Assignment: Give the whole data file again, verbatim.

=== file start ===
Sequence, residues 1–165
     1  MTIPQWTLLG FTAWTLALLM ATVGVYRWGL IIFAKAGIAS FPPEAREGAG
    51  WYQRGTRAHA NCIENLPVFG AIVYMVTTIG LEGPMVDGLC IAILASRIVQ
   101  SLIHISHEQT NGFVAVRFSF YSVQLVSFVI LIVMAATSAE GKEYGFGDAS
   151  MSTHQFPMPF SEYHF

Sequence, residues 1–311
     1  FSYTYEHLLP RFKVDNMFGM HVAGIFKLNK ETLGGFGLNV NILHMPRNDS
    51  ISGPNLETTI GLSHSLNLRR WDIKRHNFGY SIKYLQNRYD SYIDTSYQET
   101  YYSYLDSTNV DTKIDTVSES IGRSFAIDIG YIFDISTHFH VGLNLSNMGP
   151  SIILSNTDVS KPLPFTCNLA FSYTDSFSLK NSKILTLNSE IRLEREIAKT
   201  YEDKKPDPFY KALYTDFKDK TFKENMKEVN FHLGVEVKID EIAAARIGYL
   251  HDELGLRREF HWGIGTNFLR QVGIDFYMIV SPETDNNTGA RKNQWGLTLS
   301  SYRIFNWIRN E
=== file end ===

Sequence, residues 1–165
     1  MTIPQWTLLG FTAWTLALLM ATVGVYRWGL IIFAKAGIAS FPPEAREGAG
    51  WYQRGTRAHA NCIENLPVFG AIVYMVTTIG LEGPMVDGLC IAILASRIVQ
   101  SLIHISHEQT NGFVAVRFSF YSVQLVSFVI LIVMAATSAE GKEYGFGDAS
   151  MSTHQFPMPF SEYHF

Sequence, residues 1–311
     1  FSYTYEHLLP RFKVDNMFGM HVAGIFKLNK ETLGGFGLNV NILHMPRNDS
    51  ISGPNLETTI GLSHSLNLRR WDIKRHNFGY SIKYLQNRYD SYIDTSYQET
   101  YYSYLDSTNV DTKIDTVSES IGRSFAIDIG YIFDISTHFH VGLNLSNMGP
   151  SIILSNTDVS KPLPFTCNLA FSYTDSFSLK NSKILTLNSE IRLEREIAKT
   201  YEDKKPDPFY KALYTDFKDK TFKENMKEVN FHLGVEVKID EIAAARIGYL
   251  HDELGLRREF HWGIGTNFLR QVGIDFYMIV SPETDNNTGA RKNQWGLTLS
   301  SYRIFNWIRN E